CFs form synapses on thorny spines located on the proximal dendritic domain. Purkinje cells are initially innervated by multiple CFs that make synapses on the cell body, but only a single CF translocates from the cell body to the proximal dendrites and, starting at postnatal day 9, the remaining perisomatic contacts are eliminated, through a defined sequence of molecular events (Watanabe and Kano, 2011) (Fig. 2B). Not surprisingly, structural defects during early stages of circuit development caused by abnormal Purkinje cell activity lead to multi-innervation or mis-patterning of CFs, resulting in movement disorders, such as ataxia (Miterko and Sillitoe, 2017). Thus, elimination of early-formed, redundant synapses is crucial for functional neural circuit development in the cerebellum. Activity-dependent cerebellar synapse elimination depends on functional NMDA-type glutamate receptors (Kakizawa et al., 2000), and on functional GA-BAergic inhibition (Nakayama et al., 2012) in specified developmental time window (postnatal days 15–16 for NMDA receptors and postnatal days 10–16 for GABA receptors). A recent study demonstrated that brain-derived neurotrophic factor (BDNF) secreted by Purkinje cells promotes CF synapse elimination from somata through retrograde BDNF-TrkB and mGluR1 signaling pathways (Choo et al., 2017). However, the molecular features governing how CF synapses are formed, specified, and eliminated have remained largely elusive.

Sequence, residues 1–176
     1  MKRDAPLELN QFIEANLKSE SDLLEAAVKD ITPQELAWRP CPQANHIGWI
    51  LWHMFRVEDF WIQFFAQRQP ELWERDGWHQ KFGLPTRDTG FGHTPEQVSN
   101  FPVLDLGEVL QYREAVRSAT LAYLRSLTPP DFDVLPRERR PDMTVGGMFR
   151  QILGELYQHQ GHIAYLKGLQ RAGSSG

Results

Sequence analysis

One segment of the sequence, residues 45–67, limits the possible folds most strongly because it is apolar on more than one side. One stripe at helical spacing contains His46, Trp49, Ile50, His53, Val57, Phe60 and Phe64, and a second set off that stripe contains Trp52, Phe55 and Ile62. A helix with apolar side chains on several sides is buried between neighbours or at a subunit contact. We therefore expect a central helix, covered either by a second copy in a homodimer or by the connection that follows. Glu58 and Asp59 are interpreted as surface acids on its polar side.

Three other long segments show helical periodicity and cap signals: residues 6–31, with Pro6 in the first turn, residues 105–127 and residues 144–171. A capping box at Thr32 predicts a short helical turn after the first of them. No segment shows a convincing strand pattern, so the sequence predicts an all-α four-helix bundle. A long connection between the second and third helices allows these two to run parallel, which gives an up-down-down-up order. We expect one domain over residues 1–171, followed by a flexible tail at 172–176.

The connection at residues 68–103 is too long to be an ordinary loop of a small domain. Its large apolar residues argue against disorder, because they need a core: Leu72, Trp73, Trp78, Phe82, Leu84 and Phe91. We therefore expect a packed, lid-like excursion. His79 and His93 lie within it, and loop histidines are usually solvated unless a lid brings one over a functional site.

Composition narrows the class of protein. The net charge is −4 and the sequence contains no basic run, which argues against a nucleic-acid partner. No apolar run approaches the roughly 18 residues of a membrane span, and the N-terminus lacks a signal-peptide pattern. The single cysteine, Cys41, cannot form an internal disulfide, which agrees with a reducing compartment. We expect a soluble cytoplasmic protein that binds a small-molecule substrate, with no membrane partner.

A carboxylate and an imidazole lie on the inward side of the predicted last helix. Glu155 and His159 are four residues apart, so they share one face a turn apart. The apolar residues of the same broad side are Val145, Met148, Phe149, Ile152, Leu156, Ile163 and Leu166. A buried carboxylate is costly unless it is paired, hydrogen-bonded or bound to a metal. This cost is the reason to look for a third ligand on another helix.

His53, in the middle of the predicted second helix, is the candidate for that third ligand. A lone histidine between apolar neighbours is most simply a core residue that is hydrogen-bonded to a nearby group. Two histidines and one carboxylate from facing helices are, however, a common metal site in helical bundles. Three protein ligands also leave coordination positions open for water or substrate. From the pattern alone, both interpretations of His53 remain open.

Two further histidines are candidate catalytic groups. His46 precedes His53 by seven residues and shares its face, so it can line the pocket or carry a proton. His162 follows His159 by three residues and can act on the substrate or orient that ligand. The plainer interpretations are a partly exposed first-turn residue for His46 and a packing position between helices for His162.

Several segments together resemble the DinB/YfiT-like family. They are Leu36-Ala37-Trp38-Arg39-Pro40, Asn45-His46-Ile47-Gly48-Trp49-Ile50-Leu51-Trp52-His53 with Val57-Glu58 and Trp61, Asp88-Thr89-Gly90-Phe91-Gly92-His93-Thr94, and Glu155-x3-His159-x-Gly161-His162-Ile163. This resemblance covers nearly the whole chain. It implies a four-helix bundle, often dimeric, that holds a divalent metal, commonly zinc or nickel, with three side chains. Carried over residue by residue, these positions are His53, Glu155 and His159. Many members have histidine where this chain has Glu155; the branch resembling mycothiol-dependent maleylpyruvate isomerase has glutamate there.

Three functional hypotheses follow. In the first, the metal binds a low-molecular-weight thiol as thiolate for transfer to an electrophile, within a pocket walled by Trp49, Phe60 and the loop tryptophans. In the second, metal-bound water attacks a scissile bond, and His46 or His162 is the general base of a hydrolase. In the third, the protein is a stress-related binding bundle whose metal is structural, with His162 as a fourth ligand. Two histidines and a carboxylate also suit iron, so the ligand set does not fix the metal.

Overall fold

C1ql1, a member of the C1q protein superfamily, is expressed in inferior olivary neurons, secreted by CFs (Iijima et al., 2010), and directly interacts with cell-adhesion G protein-coupled BAI3 (receptor brain-specific angiogenesis inhibitor 3), which is strongly expressed on postsynaptic Purkinje cells (Bolliger et al., 2011; Kakegawa et al., 2015). Strikingly, the C1ql1/BAI3 complex is crucial for regulating the formation and maintenance of a ‘single-winner’ CF during mouse cerebellar development and adulthood (Kakegawa et al., 2015; Sigoillot et al., 2015). Moreover, C1ql1/BAI3 signaling is required for motor learning, but not for gross motor performance or coordination (Kakegawa et al., 2015). However, it remains to be determined how the C1ql1/BAI3 signaling pathway specifically confers the specificity of CF synapses. Given the distinct expression patterns of C1ql members and other C1q superfamily proteins (Iijima et al., 2010; Miura et al., 2006), it is likely that these molecules act as distinct synapse specifiers across various brain regions. Indeed, C1ql3 is expressed in the basolateral amygdala and is specifically required for the formation and maintenance of basolateral-medial prefrontal cortical synapses that contribute to fear memories (Martinelli et al., 2016).